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I have always wondered why baking with refrigerated eggs VS room temperature eggs comes out much better. Can anyone explain why please?

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    Do you really mean "not stored in the fridge"? I store all of my eggs in the fridge but if a recipe calls for eggs at room temp, I take them out and leave them on the counter for an hour... as far as I know, there's no difference between an egg never refrigerated and one left to come to room temp... Also, this depends extremely on what you're baking... some recipes aren't affected and some specifically call for cold eggs. – Catija May 17 '16 at 3:55
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This isn't at all exclusive to eggs, searing off a really cold (fresh, not frozen) steak will get you a tough steak. Unless the recipe depends on the behavior of a protein as refrigerated, proteins are better to work with at room temperature.

Think of the egg yolk and white sort of like ice cream; the warmer it becomes, the more distinctly the viscosity changes. Beating cold egg whites to stiff peaks is one heck of a workout :) Cold yolks are also very likely to result in 'broken' emulsions.

In your specific case, cold eggs simply won't incorporate into the mix in a manner that's consistent with what the recipe previously produced. The difference would depend on the recipe, but in most cases, not subtle. Things would be denser than ideal, or just simply not hold together very well. It really depends on what you're doing.

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    +1 for the egg bits, but not for the steak analogy -- America's Test Kitchen found that cooking from frozen was better than allowing a frozen steak to thaw before cooking. See cooking.stackexchange.com/a/46565/67 – Joe May 17 '16 at 15:17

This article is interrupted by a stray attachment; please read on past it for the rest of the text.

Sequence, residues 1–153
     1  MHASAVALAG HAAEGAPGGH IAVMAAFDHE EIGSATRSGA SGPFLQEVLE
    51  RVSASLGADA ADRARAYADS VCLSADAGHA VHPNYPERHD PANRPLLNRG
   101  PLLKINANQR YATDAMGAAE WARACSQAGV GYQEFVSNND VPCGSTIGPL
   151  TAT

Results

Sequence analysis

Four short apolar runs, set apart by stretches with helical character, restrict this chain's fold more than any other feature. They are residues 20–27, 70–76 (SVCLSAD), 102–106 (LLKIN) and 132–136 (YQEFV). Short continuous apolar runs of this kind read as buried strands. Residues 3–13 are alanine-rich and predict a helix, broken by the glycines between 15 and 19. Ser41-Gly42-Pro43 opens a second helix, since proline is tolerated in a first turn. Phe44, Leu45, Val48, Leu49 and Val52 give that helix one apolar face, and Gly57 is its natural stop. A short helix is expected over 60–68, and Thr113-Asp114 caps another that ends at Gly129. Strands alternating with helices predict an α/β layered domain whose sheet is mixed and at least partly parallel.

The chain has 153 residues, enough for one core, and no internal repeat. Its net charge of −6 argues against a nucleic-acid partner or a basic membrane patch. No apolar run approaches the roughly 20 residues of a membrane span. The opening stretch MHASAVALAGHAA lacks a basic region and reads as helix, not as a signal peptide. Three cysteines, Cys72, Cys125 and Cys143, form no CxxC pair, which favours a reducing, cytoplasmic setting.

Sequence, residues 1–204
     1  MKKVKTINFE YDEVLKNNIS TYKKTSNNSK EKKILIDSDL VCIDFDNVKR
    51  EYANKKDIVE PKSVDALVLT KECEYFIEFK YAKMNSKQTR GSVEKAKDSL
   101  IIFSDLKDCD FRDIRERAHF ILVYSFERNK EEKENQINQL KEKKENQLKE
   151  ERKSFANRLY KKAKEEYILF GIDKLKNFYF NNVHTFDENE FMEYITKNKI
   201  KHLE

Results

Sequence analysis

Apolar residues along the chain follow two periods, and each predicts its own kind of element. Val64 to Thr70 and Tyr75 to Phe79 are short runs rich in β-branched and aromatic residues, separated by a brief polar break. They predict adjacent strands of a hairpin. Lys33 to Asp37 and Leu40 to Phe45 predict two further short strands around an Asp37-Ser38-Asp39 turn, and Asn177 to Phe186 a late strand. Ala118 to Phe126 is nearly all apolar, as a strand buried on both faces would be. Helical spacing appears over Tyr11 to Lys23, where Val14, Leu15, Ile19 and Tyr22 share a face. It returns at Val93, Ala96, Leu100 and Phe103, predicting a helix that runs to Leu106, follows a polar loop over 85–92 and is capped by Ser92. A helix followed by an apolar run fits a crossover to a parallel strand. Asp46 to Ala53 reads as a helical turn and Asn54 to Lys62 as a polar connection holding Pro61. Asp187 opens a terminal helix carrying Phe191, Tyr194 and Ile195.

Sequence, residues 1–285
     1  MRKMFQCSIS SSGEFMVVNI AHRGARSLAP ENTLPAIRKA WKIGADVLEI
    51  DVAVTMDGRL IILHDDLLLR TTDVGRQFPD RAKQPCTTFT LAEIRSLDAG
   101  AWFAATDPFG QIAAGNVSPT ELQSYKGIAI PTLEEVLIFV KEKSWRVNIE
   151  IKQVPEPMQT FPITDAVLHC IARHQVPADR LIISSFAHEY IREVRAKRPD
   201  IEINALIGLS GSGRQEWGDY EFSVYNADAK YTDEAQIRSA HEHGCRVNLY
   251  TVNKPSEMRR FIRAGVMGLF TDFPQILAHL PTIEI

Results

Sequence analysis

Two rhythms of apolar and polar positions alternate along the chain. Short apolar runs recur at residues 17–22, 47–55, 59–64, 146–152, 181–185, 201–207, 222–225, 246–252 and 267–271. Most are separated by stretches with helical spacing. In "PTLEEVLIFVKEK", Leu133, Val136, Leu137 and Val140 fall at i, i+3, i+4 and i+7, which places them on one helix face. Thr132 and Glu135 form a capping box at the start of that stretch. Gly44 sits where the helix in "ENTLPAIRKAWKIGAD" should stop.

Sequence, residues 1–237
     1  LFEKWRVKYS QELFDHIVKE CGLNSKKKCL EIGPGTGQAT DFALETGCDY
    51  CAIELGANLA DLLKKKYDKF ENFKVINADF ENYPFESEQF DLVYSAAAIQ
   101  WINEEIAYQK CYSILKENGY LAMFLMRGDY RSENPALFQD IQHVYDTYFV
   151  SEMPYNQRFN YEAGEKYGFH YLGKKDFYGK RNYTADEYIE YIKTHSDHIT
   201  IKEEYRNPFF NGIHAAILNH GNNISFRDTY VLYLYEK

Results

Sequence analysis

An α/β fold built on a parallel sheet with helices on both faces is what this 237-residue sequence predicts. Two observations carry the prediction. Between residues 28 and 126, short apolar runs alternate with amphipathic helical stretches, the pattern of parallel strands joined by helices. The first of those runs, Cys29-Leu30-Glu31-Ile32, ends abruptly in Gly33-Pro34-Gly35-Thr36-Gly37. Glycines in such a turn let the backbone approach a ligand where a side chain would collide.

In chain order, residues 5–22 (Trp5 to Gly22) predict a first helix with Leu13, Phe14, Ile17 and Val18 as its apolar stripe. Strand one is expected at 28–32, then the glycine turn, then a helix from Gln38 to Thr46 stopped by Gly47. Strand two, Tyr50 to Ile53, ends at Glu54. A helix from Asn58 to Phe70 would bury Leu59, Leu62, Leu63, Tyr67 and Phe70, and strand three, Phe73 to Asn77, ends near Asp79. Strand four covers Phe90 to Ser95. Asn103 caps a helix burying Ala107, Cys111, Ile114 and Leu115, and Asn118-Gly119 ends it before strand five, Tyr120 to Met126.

• @Joe I try not to freeze steaks (I buy them the day, or a few days before I intend to cook them) and they can get incredibly tough and dry if you sear them while they're cold. But I think an edit to indicate that would be helpful, thank you :) – Tim Post May 17 '16 at 18:34
  • I'm convinced the "warm whites beat better" thing is a myth. Direct-from-the-fridge egg whites beat up just fine, in my experience, and more importantly, they're less likely to collapse when you start adding other ingredients (such as ground nuts for a torte). – Marti May 17 '16 at 19:49
  • Thank you for the replies! I think this site is very educational and on track with a true food focuss. I will let all my foodie friends in NZ and Oz know about this site. – Sha May 19 '16 at 7:42

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